The case is Bobo v. State, 2008 WL 2191159 (Arkansas Court of Appeals, 2008). Bobo was convicted of first-degree sexual assault and appealed, challenging the admission into evidence of certain emails. Here, according to the court, are the facts that led to her conviction:
On November 3, 2005, Twilla Frosco checked her email on the family computer. She saw that the email account of her fourteen-year-old son (DF) was open on the screen. She read some of the messages and found . . . exchanges between DF and Bobo, one of DF's former . . . teachers. The messages were sexually explicit. Twilla . . . called her husband, Richard Frosco, who asked [her] to forward the emails to him.

Richard called the prosecutor's office . . . and was referred to . . . Detective Heather McCaslin, who asked [him] to forward the emails to her. . . . [She sent them to] Sergeant James Flynn. . . . [who] issued subpoenas to the internet providers . . . obtained consent to search DF's computer, and secured a warrant to search Bobo's computer.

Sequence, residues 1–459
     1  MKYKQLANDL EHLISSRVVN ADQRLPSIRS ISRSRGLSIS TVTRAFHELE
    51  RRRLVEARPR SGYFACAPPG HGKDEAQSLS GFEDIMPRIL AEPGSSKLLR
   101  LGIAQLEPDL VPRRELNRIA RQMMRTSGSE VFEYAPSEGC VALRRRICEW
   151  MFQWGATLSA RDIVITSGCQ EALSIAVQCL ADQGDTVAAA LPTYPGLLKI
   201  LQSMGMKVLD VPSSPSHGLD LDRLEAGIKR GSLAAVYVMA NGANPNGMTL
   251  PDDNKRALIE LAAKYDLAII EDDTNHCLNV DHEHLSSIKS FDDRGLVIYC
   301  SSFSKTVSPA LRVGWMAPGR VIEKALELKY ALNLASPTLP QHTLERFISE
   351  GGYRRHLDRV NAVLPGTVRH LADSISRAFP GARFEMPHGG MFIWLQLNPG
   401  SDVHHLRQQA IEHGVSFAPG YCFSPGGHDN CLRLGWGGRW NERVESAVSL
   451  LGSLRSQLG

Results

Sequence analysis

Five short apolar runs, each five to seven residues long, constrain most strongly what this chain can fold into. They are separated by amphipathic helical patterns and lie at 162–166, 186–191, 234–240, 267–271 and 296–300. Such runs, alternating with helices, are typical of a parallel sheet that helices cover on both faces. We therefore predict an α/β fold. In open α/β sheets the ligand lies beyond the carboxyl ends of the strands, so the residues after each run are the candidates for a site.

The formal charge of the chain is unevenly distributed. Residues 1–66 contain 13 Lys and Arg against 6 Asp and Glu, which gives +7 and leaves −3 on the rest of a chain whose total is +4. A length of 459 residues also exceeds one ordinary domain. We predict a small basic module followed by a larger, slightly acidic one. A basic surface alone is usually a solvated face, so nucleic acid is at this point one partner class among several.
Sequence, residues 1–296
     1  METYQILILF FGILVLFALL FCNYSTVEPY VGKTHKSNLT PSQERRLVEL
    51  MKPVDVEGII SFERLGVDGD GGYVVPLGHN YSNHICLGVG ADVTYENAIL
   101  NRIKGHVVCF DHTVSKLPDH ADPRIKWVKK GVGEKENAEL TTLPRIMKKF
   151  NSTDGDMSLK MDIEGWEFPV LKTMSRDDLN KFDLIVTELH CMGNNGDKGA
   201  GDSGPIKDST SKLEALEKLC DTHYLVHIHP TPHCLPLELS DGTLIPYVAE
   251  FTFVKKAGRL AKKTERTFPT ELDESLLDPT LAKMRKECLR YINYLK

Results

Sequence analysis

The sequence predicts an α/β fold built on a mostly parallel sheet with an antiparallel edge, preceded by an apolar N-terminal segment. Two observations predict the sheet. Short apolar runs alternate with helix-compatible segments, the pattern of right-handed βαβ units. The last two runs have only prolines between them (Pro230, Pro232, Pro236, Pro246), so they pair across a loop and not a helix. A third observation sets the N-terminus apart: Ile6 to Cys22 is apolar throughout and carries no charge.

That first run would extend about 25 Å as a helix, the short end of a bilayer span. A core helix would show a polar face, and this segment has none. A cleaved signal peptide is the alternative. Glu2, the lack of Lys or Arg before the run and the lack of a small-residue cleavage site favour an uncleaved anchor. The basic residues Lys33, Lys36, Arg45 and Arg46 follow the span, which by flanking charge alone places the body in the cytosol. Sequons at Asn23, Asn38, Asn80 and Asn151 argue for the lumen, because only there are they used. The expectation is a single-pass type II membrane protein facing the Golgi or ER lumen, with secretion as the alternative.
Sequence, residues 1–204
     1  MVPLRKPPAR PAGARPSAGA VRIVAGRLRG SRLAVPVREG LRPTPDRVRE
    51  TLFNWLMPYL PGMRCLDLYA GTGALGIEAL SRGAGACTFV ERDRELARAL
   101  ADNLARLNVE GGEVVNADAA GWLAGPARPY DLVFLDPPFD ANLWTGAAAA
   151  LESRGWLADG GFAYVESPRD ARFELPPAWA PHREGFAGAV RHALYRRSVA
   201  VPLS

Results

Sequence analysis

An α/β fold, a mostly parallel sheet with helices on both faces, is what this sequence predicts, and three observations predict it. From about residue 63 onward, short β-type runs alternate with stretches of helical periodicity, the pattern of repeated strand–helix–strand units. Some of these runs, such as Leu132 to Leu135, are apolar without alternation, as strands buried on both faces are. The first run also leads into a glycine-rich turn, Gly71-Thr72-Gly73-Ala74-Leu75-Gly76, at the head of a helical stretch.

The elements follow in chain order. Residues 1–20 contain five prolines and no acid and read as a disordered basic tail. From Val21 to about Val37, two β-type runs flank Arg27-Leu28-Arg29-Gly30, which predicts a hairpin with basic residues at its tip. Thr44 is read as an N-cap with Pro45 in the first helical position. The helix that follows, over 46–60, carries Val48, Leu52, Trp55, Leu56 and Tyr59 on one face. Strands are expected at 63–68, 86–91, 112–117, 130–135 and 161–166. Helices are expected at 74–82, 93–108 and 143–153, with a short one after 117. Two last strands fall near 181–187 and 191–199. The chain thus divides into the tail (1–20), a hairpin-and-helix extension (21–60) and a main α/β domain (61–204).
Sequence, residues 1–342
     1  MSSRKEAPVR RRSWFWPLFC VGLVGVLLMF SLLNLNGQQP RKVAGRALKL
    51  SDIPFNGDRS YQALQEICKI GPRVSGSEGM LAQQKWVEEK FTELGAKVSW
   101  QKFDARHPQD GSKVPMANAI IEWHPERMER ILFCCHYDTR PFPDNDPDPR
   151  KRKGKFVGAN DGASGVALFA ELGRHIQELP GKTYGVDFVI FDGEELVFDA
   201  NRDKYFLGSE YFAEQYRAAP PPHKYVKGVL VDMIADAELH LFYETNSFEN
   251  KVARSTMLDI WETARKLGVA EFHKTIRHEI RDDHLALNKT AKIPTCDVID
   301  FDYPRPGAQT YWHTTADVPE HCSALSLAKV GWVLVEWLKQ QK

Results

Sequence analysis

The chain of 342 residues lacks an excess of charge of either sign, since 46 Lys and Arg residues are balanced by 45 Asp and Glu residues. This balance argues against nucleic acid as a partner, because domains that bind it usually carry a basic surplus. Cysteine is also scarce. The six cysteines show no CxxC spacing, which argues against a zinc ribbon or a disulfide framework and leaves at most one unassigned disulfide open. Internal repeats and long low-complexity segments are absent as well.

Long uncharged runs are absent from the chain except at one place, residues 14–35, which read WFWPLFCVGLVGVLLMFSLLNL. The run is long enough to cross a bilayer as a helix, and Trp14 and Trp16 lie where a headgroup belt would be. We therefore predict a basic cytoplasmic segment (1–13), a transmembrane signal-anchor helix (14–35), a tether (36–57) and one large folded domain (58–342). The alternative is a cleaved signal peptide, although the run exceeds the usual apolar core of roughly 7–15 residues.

At trial, DF testified that when he was in eighth grade, Bobo was his math co-teacher. In February 2005, Bobo picked DF up at church and drove him to a loading dock where DF testified they had sexual intercourse in Bobo's vehicle. Afterwards, Bobo drove DF back to church. DF testified that Bobo came to his house a few weeks later while his parents were not home, and they had sexual intercourse again.
Bobo v. State, supra.